Texas A&M Galveston Cadets End First Cohesive Training Cruise in 12 years
GALVESTON, Texas — The Texas A&M Maritime Academy’s cadets sailed together for their 2018 summer sea term as an entire academy for the first time since 2005. With the support of the U.S. Maritime Administration (MARAD), the Massachusetts Maritime Academy (MMA), and many others, the cadets spent two months living, learning, and training aboard the 540-foot USTS Kennedy.
The cadets sailed from Buzzards Bay, Massachusetts, on May 31, and travelled 4,958 miles over 60 days with port calls in Port Canaveral, Florida; New Orleans; Corpus Christi, Texas; and Tampa, Florida, before returning to Buzzards Bay. The 275 cadets were joined by 68 faculty, staff and crew. One additional highlight of the journey was a pass off the coast of Brownsville, Texas, where the cadets performed a salute to the Texas A&M Maritime Academy’s original training ship, the USTS Texas Clipper, which was sunk as an artificial reef in November 2007.
“Sailing as one unit, one crew and one Cadet Corps with my fellow classmates, that I now call my shipmates, was a tremendous success,” said Texas A&M Galveston’s Corps of Cadets Commander, Jack Clark. “We finally had a chance to sail on our own, create our own story and solidify a bond that exemplifies the Aggie spirit.”
During their time aboard the USTS Kennedy, cadets received classroom and hands-on training in navigation, meteorology, marine engineering, vessel operations, maritime safety, vessel maintenance, vessel security, the ship’s machinery and propulsion systems. When not in class, the cadets performed all of the shipboard duties they would be assigned in a career at sea and stood watch in sections around the ship during the 24-hour operations.
Texas A&M University at Galveston hosted receptions and enjoyed a warm welcome in each port of call. Reception attendees included former students, city and port leaders, and local leaders in the maritime industry. Proud family members also met our ship at each port and were delighted to have “their” cadet give them tours from the bridge, to the living spaces, to the six-story engine room down below.
“It was truly an all-hands-on-deck effort,” said Rear Adm. Michael Rodriguez, superintendent of the Texas A&M Maritime Academy. “The whole Texas A&M Galveston community came together on this effort as well as Texas A&M University in College Station, the Maritime Administration, Patriot Contract Services, the unions, our Navy’s Strategic Sealift community, and friends who work with us every summer. There was plenty of excitement in the months leading up to the voyage that carried through to the end. That enthusiasm will propel us into a new term and a brighter future for our Academy.”
The Texas A&M Maritime Academy is assigned a much smaller MARAD training ship, the USTS General Rudder, which is limited to carrying a maximum of 50 cadets. Since cadets require hands-on training at sea every year to graduate and be eligible for licensing by the Coast Guard, a large percentage of the Texas A&M Maritime Academy cadets have met their sea time training requirements through participation with other maritime academies or commercial shipping companies since 2006.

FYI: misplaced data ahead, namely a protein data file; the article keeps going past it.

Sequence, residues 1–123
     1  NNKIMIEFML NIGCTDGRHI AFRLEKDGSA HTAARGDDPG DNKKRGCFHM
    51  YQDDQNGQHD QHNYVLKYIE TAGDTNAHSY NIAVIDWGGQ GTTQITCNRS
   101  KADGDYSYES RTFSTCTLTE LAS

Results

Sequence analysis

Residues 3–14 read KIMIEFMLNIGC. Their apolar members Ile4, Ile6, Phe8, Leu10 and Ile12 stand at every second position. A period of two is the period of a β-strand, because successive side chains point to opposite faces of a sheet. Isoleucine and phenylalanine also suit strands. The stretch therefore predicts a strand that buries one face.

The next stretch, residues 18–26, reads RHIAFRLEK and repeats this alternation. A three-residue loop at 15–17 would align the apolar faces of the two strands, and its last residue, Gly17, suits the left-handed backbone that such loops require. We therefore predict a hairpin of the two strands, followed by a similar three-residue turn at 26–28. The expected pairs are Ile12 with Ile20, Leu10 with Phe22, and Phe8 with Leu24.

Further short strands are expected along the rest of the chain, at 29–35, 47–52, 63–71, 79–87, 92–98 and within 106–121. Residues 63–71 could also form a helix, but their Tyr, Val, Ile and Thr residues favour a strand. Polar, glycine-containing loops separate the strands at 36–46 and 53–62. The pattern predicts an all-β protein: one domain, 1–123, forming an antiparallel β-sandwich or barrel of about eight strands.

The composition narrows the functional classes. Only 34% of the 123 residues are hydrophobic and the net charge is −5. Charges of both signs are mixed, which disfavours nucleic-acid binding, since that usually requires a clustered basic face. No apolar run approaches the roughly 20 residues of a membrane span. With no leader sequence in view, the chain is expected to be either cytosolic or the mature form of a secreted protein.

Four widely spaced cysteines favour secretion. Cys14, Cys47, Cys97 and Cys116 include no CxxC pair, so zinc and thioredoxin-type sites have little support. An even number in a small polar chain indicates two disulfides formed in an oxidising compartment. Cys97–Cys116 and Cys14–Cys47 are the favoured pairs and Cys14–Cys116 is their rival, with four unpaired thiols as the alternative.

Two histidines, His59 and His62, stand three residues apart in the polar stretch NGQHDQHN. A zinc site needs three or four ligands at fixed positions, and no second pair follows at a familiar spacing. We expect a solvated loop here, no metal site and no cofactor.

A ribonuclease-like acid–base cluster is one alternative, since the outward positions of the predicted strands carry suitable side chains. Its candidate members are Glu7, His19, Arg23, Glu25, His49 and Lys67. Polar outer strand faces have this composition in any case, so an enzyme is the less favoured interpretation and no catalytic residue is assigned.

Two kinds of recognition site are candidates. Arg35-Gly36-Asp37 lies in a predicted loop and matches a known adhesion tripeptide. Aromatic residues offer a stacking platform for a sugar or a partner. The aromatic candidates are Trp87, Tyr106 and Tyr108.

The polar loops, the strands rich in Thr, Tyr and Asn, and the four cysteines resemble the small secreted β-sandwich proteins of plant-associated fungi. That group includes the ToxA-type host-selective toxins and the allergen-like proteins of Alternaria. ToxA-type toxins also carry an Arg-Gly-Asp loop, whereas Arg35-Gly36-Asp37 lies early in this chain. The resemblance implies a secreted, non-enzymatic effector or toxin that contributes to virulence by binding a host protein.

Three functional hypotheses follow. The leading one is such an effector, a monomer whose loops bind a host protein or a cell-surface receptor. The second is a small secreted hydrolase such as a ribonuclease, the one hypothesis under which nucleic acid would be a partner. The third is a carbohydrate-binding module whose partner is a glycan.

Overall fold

Rear Adm. Mark Buzby, the Maritime Administrator, and Col. Michael E. Fossum, the chief operating officer of Texas A&M University at Galveston, boarded the USTS Kennedy via Pilot Boat in the pre-dawn hours of June 24 for the final leg down the Cape Cod Canal to the ship’s berth at Massachusetts Maritime Academy. This had been a long journey from conception to completion, and there were lessons learned along the way, but all agreed this was a very successful summer sea term for the Aggie cadets.
After the ship was secured in Buzzards Bay, Fossum reflected, “Our ability to train together this summer as one academy — one crew — was an exceptional experience. I am incredibly proud of our cadets and the A&M team which worked incredibly hard to make this experience a resounding success. For the first time in over 12 years, our students were working at sea with our own faculty and staff, which provided them greater continuity in their learning and growth. Our cadets stepped up into leadership roles which their predecessors have not filled in over a decade.
“Over the last two months, we have seen them come together to help each other through the program, to hone their skills as future maritime professionals, and to do so with the occasional good cheer that comes from challenging, shared experiences. We returned to this dock today as a very different group than departed 60 days ago. We greatly appreciate the partnership and support from MARAD and Massachusetts Maritime, but we also look forward to the day Texas A&M University has access to a federal training ship large enough to meet the needs of our program and which serves as a readily available disaster response capability for the Gulf of Mexico region.”